Why Java Collections Framework is a Cats & Dogs Library

It is nothing new that shared mutable state is the root of all evil. Especially concurrent programming requires a proper synchronization of shared mutable state. But even in single-threaded environments mutability is a problem.

Mutability is insecure

The document Java Secure Coding Guidelines for Java SE contains a whole chapter that covers security problems related to mutability. Summed up, these are the recommendations:

  • Prefer immutability for value types
  • Create copies of mutable output values
  • Create safe copies of mutable and subclassable input values
  • Support copy functionality for a mutable class
  • Do not trust identity equality when overridable on input reference objects
  • Treat passing input to untrusted object as output
  • Treat output from untrusted object as input
  • Define wrapper methods around modifiable internal state
  • Make public static fields final
  • Ensure public static final field values are constants
  • Do not expose mutable statics
  • Do not expose modifiable collections

I've marked the important parts bold. The rest is automatically secured in an application that uses immutable/persistent data structures like those of Javaslang.

Mutability is unnatural

In nature there is no mutability, we can't overwrite an existing state in the way that it disappears from the timeline. Programmers tend to think the way of changing things in place. For that reason J. W. Backus entitled his 1978 Turing Award lecture "Can Programming be Liberated from the von Neumann Style".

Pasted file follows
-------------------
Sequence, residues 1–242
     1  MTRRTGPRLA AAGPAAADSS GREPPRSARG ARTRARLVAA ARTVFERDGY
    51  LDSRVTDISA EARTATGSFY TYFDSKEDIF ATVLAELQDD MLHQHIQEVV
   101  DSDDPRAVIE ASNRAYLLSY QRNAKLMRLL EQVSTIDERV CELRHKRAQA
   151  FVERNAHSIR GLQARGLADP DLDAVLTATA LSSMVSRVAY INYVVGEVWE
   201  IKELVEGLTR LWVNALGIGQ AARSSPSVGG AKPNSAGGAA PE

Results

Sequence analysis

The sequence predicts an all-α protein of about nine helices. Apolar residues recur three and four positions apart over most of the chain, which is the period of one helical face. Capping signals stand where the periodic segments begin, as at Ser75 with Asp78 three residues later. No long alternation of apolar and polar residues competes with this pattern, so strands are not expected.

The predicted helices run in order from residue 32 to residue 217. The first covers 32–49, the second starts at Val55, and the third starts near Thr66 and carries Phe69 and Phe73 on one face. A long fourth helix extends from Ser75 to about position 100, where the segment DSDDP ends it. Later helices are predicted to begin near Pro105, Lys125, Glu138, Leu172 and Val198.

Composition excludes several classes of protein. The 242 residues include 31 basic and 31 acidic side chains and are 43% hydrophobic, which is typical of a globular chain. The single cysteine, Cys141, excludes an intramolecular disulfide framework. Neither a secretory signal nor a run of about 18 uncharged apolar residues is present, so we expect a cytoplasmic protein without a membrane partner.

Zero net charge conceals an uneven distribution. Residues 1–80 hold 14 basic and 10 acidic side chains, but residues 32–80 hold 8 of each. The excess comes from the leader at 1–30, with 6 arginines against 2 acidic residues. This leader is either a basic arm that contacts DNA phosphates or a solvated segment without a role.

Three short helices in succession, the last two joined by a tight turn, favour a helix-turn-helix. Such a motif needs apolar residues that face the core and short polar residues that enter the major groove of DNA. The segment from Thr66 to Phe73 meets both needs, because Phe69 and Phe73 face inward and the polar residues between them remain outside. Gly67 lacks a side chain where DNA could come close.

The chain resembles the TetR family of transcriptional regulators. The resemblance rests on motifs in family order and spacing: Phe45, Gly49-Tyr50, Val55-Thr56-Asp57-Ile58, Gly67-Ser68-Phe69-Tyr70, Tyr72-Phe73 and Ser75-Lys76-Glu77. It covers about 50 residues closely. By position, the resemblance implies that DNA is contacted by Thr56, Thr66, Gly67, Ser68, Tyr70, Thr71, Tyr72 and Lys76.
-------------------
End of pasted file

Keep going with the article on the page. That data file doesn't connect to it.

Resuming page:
Mutability does not only introduce the security problems mentioned above. It does also introduce problems on the type-level. These problems are self-made problems. They falsely put bad light on Java's type system — it seems to be dissonant.

Let's consider this Pet example:

interface Pet {}

class Cat implements Pet {  
    @Override public String toString() { return "Cat"; }
}

class Dog implements Pet {  
    @Override public String toString() { return "Dog"; }
}

In an object-functional setting (having immutable/persistent data structures) the types behave like expected. Of course a sequence of Dogs is also a sequence of Pets, persistent collections are covariant. When adding a Cat, it remains a sequence of Pets.

Seq<Dog> dogs = Vector(new Dog());

// Type narrowing, pets = dogs does not compile!
Seq<Pet> pets = Seq.narrow(dogs);

// Vector(Dog, Cat)
println(pets.append(new Cat()));

// Vector(Dog)
println(pets);

// Vector(Dog)
println(dogs);  

The need for narrowing makes me mad, the assignment pets = dogs should work out of the box (in an unsound type system). That problem could be solved by introducing declaration site variance to the Java language (which will most probably not happen in near future).

However, let's take a look how the mutable Java collections behave:

List<Dog> dogs = new ArrayList<>();  
dogs.add(new Dog());

// Type narrowing, pets = dogs does not compile!
List<Pet> pets = narrow(dogs);

// Heap pollution!
pets.add(new Cat());

// [Dog, Cat]
println(pets);

// Huh!? [Dog, Cat]
println(dogs);  

Java does not support narrowing 'out-of-the-box'. We use this helper function:

// This is unsafe!
static <T> List<T> narrow(List<? extends T> list) {  
    return (List<T>) list;
}

As we see, heap pollution may occur if we narrow a mutable Java collection.

List<Dog> contains a Cat...

In an immutable/persistent environment such self-made problems cannot occur by design — one more reason to use persistent data structures like those of Javaslang.

Have fun!

- Daniel

The complete example can be found here.